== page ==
Eyrani said on Sunday that the international community has a tendency to exert pressure on the Yemeni government because of its status as a legitimate state and as the side that is “sincere about launching a dialogue to end the war and the agony of the citizens,” while at the same time “begging and appeasing the Houthi militia as it is an unruly gang.” Eyrani complained that this dual-standard approach has failed throughout the years as the Houthis, at Iran’s instigation, have vetoed all agreements, undermined cease fire efforts, and exploited diplomacy to buy time.
8. Iraq’s government echoed Tehran’s anti-U.S. rhetoric on anniversary of Soleimani’s death.
Iranian influence in Iraq’s state institutions was on full display last week as the head of Iraq’s Supreme Judicial Council, Judge Faiq Zaidan, spoke at a ceremony commemorating the deaths of Qassem Soleimani and Abu Mahdi al Muhandis and said that Iraqi judiciary had issued an arrest warrant against former President Donald Trump, adding that Trump had “confessed to committing the crime.” In response to Zaidan’s statements, Iraqi politician Mithal Al-Alusi said on Thursday “that the matter will harm Iraq’s interests, which are linked to strong relations with the United States.” Finally, former Iraqi Prime Minister Adel Abdul-Mahdi, who reportedly has visited the grave of Al-Muhandis on a monthly basis, was highlighted on Iranian media outlet Al Alam as having kept a vigil at the gravesite on the anniversary of Muhandis’s death.
9. Iraqi military thwarts drone threat to base housing U.S. troops.
10. Egypt opens 2023 in economic uncertainty, with its currency sliding against the dollar and external debt growing.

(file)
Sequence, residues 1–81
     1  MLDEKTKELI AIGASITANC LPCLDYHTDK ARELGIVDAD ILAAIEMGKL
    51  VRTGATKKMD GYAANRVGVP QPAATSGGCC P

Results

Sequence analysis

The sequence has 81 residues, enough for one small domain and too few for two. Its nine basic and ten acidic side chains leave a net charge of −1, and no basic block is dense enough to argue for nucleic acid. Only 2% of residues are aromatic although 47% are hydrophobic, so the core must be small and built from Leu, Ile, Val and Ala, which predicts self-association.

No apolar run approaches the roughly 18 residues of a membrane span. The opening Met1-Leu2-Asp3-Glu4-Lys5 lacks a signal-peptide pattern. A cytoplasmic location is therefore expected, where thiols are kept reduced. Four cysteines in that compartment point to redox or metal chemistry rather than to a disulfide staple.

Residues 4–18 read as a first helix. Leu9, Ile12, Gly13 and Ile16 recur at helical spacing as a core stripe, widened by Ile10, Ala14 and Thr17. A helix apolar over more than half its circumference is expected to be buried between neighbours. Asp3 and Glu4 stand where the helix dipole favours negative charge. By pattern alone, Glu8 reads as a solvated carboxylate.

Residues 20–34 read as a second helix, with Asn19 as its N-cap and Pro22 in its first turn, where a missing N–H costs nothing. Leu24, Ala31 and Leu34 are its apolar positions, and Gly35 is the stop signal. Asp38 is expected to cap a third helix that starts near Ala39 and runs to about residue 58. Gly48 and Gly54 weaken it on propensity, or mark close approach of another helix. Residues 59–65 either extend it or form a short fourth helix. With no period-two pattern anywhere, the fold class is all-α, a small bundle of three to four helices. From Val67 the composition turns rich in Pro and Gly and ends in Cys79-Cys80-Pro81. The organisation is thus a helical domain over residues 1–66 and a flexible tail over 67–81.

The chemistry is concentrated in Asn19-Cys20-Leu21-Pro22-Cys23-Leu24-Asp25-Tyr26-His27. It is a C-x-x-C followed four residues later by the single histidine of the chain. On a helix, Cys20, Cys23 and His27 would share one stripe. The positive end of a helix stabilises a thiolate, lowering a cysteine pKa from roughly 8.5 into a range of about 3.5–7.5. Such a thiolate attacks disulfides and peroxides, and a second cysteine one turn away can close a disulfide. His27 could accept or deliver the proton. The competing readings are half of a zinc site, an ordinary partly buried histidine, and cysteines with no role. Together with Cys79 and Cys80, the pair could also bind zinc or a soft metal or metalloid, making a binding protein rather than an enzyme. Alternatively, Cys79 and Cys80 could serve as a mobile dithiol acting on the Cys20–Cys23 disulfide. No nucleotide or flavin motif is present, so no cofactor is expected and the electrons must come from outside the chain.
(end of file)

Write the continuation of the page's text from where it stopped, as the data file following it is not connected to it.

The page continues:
After several years of managing a peg of 16 pounds to the U.S. dollar, the Egyptian government has been forced in recent weeks to let the market set the value of the pound, and the currency now trades at more than 27 to the dollar. The pound’s rapid devaluation has caused prices of imports to spike and created a shortage of dollars with which to pay for shipments that are stuck in Egyptian ports. In December, Egypt turned to the IMF for its fourth loan in six years after agreeing to let the pound’s value be determined by market forces, but the government will still struggle to find means to pay the $45 billion in external debt that will come due this year, out of a total external debt that was estimated at more than $155 as of September 2022. Addressing the spike in prices of daily needs such as dairy products, bread, and vegetables, President Sisi gave a speech last Friday urging Egyptians “not to worry or be afraid” and explaining that the country’s current economic woes are due strictly to the effects of Russia’s war on Ukraine. Separately, though, the news outlet Atalayar assessed that Egypt and other Arab countries may be benefiting from EU sanctions on Russia, which is allowing Egyptian firms to take some of Russia’s market share. Atalyar reported that the volume of exports grew by 171% over the last year, resulting in a marginal profit of 5 billion euros in 2022.